Henry King, the energetic and iconic supporter of the brewing industry, died yesterday. He was 83.
King headed the United States Brewer Association for 22 years from 1961-1983. He then ran the Brewers Association from 1992-1998.
King was the driving force in what was the important legislation ever passed to affect the craft beer industry. In 1973, as president of the USBA, King convinced the major brewers at the time, Anheuser-Busch, Coors, Miller, Schlitz, National, Heilemann, Pabst and Stroh, to support an excise tax differential for their smaller-sized competitors in the industry.
A major effort was mounted by the USBA in conjunction with the BAA. King and his staff coordinated the effort, spearheading the push in Congress. By 1975 the entire industry; from maltsters and hopsters to packaging and machinery suppliers had joined the fight. That year the House Ways and Means Committee approved such legislation but adjourned before it was voted out. The bill was finally voted out of committee as H.R. 3605 and passed by both chambers. It was signed into law on October 18, 1976. It reduced the excise tax on beer from $9.00 to $7.00 a barrel, on the first 60,000 barrels produced by a corporate brewery in a year, providing the brewer made less than 2,000,000 barrels that year. Of the 53 brewing companies operating at that time, only 39 companies qualified and almost half of those produced less than 60,000 barrels per year.
The craft brewing industry was allowed to ferment, grow and thrive because of the small brewer’s tax differential. The craft brewing industry would not exist today in its present size and scope, and perhaps not at all, if not for this important tax break for small brewers.
King also supported, along with past BAA president Lee Holland, the participation of craft brewers in the BAA. At the 50th anniversary conference of the BAA, held in San Francisco, King invited this reporter to speak to the BAA membership about the rising tide of craft brewers in America. It was the largest gathering of BAA members since 1978 and was geared to all levels of small brewers, featuring 18 speakers across 7 hours of meeting in less than two days. It was a benchmark year, as from that point on, craft brewers began to join, ardently support, and eventually drive a renewed Brewers Association of America.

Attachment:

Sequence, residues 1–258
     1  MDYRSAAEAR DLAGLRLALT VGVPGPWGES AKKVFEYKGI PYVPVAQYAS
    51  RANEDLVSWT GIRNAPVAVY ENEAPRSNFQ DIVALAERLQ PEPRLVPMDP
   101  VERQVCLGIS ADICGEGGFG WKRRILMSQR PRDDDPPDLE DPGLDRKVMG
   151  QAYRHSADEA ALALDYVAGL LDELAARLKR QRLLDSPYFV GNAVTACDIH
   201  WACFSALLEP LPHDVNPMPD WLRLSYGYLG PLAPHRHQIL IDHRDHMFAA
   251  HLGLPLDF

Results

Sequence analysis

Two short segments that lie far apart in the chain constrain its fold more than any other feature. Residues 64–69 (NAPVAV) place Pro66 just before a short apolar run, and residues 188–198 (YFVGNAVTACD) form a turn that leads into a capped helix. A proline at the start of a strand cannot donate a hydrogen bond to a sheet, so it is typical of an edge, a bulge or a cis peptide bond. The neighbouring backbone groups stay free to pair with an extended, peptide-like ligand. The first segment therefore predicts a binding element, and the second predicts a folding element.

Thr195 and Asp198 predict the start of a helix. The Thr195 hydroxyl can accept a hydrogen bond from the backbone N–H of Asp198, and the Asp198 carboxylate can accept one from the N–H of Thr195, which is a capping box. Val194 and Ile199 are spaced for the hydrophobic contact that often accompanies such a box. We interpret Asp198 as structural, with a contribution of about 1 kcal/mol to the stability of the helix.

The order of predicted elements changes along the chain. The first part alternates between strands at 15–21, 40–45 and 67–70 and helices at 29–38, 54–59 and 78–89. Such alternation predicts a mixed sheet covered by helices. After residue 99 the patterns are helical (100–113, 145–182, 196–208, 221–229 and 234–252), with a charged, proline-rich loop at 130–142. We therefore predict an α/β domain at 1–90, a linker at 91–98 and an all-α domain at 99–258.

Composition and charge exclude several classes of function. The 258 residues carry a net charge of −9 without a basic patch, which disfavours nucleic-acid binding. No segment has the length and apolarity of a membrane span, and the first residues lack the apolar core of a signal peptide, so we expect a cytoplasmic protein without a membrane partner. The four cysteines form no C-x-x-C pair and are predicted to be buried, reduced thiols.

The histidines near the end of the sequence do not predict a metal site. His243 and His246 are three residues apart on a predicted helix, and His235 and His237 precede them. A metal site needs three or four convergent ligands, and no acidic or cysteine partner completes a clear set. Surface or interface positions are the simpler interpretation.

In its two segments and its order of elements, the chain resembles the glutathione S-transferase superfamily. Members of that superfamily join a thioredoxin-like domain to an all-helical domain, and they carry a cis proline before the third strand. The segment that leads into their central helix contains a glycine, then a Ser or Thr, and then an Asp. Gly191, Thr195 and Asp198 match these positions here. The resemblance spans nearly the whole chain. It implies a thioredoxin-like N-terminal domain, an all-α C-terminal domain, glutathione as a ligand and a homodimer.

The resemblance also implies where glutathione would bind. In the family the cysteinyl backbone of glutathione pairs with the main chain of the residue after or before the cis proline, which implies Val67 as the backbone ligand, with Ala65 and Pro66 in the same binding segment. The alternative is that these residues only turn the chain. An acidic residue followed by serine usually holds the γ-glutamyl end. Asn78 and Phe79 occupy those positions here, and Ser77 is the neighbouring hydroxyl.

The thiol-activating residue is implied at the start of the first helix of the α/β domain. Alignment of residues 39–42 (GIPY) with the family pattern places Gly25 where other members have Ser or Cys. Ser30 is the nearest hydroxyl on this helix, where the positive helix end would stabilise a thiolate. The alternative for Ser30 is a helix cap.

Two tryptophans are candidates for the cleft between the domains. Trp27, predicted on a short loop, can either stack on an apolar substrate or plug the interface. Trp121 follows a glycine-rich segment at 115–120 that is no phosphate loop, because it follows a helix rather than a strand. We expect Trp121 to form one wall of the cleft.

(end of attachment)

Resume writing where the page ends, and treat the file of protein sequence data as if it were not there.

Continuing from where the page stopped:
King was always accessible. He passionately talked about important and deep issues affecting brewers, and spoke of the industry as a family. He is someone who willingly and easily bridged the gap between heritage brewers and the new arrival of craft brewers.
He led an extraordinary life. A highly decorated and distinguished military career, father of 17 children, served on numerous boards and commissions under the Crater and Reagan administration and donated a huge part of his life to worthy causes.
King had been battling cancer for a number of years, and suffered a severe heart attack on February 4th. His health had been in decline since. -Tom McCormick